Prostate cancer urine test indicates disease aggression
An experimental new urine test for prostate cancer, dubbed ‘ExoGrail’ and developed by UK researchers, has the potential to revolutionise how patients with suspected prostate cancer are risk-assessed prior to an invasive biopsy. Described in the journal Cancers, the new test has the ability to reduce the number of unnecessary prostate cancer biopsies by 35%.
Prostate cancer is the most common cancer in men in the UK, but it usually develops slowly and the majority of cancers will not require treatment in a man’s lifetime. The most commonly used tests for prostate cancer include blood tests, a physical examination known as a digital rectal examination (DRE), an MRI scan or an invasive biopsy; however, doctors struggle to predict which tumours will become aggressive, making it hard to decide on treatment for many men.
“While prostate cancer is responsible for a large proportion of all male cancer deaths, it is more commonly a disease men die with rather than from,” said Dr Dan Brewer from the University of East Anglia, lead researcher on the new study.
“Therefore, there is a desperate need for improvements in diagnosing and predicting outcomes for prostate cancer patients to minimise overdiagnosis and overtreatment whilst appropriately treating men with aggressive disease, especially if this can be done without taking an invasive biopsy.
“Invasive biopsies come at considerable economic, psychological and societal cost to patients and healthcare systems alike.”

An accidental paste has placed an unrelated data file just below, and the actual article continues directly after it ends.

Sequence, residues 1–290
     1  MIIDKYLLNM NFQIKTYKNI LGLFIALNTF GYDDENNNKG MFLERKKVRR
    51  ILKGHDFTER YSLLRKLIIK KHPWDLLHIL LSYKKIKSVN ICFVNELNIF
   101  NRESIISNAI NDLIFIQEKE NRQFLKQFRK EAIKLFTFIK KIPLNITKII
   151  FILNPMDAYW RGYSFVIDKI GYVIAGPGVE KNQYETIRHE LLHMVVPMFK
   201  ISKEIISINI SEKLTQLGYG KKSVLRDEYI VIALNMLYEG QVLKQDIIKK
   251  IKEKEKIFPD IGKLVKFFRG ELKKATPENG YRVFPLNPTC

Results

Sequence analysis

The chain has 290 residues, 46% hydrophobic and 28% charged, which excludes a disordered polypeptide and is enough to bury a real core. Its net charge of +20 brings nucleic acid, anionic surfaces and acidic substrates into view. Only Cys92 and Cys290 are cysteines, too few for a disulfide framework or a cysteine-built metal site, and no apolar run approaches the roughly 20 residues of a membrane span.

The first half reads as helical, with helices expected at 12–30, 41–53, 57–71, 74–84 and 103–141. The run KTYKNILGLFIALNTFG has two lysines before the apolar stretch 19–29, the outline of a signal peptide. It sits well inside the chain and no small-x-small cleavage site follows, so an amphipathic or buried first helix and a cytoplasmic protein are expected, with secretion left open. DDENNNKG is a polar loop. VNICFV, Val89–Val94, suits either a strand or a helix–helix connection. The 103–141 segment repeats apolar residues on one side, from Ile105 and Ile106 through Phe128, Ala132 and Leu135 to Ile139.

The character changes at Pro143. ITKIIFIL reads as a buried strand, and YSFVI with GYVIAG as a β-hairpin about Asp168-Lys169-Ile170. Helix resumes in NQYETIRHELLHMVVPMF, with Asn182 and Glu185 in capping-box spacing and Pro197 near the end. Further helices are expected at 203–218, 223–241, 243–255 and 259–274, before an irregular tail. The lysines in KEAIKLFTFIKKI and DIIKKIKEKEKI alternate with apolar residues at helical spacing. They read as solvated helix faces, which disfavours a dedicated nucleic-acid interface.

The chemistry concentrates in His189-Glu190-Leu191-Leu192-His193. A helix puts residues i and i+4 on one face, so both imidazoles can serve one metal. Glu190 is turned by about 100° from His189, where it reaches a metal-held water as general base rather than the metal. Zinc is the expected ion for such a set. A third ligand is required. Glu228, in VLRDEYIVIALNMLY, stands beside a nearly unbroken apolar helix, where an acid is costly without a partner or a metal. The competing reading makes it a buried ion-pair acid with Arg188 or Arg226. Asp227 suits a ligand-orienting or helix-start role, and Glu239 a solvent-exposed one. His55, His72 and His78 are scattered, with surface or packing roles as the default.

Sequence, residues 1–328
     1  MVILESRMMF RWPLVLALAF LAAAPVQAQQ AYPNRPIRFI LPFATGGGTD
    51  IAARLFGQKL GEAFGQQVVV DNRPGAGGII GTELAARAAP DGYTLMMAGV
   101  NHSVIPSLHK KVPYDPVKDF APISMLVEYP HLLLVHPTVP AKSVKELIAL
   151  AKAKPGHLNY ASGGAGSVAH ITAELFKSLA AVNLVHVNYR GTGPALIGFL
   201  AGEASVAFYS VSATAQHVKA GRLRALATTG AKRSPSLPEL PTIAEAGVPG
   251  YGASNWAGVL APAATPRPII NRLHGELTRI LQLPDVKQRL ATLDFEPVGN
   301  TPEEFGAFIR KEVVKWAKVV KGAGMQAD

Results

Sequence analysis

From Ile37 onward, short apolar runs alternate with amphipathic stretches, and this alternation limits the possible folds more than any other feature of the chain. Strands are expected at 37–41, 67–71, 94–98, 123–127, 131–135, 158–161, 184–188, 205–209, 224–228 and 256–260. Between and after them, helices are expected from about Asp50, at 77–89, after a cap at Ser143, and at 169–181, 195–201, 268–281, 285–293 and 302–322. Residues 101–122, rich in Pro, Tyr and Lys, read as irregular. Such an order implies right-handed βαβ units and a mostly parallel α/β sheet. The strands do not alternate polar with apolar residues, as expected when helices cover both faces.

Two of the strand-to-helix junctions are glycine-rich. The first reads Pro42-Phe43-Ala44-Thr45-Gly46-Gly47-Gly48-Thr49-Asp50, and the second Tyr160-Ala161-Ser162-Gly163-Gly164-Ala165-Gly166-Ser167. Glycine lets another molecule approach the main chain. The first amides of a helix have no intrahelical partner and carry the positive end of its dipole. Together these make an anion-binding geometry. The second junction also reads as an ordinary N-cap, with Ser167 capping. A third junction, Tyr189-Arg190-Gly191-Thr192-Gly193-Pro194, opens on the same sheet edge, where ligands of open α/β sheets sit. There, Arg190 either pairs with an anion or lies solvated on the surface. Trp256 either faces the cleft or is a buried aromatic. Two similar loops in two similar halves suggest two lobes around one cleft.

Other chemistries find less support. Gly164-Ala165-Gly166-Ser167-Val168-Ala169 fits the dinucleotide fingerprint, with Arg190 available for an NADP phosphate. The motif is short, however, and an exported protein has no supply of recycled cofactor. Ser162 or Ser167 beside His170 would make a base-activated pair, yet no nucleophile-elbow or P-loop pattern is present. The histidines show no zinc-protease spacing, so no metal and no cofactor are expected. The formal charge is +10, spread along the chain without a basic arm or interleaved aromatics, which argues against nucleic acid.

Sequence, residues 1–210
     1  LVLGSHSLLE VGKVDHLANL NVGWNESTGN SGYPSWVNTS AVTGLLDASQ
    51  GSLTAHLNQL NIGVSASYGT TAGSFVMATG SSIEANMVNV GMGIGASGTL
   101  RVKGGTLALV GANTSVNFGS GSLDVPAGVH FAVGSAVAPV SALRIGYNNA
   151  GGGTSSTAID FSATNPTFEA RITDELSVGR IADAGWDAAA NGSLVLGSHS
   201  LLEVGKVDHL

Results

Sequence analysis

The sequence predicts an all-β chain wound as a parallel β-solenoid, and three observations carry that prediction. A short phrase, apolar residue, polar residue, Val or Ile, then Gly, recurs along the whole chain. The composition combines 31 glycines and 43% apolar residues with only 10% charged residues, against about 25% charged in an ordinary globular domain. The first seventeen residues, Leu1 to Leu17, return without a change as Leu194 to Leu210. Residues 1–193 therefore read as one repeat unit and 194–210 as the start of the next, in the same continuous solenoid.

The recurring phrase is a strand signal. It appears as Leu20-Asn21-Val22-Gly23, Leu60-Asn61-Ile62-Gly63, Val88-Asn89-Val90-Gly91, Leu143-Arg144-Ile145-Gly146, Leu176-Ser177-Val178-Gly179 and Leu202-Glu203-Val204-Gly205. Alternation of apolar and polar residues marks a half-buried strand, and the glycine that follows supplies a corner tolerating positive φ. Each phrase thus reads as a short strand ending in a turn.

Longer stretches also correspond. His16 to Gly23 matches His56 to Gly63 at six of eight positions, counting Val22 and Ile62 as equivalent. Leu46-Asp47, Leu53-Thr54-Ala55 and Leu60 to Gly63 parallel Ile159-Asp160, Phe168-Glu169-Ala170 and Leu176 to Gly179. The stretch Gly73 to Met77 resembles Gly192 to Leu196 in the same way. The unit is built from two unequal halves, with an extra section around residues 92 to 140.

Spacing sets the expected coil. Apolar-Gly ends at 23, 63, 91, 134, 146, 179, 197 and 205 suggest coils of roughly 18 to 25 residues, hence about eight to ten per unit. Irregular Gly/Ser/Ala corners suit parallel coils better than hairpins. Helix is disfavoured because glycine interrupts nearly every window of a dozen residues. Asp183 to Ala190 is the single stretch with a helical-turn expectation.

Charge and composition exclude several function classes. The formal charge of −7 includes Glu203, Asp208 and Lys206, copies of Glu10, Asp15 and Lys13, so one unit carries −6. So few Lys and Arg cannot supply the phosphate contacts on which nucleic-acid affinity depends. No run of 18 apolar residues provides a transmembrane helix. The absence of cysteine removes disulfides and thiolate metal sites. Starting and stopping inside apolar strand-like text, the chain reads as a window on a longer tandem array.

The research team developed the ExoGrail urine test by combining two biomarker sources: measurements of a protein-marker called EN2 and the levels of gene expression of 10 genes related to prostate cancer risk. They tested it using urine samples from 207 patients who had undergone a biopsy for prostate cancer at the Norfolk and Norwich University Hospital (NNUH).
When the urine results were compared to biopsy results, the study showed that the test had successfully shown which patients had prostate cancer and which did not. ExoGrail also provided risk scores for patients and highlighted those for which an invasive biopsy would have been beneficial. The findings therefore show that using information from multiple, non-invasive biomarker sources has the potential to greatly improve how patients with suspected prostate cancer are risk-assessed prior to an invasive biopsy.
“Our new urine test not only shows whether a patient has prostate cancer, but it importantly shows how aggressive the disease is,” Dr Brewer said. “This allows patients and doctors to select the correct treatment. And it has the potential to reduce the number of unnecessary biopsies by 35%.”
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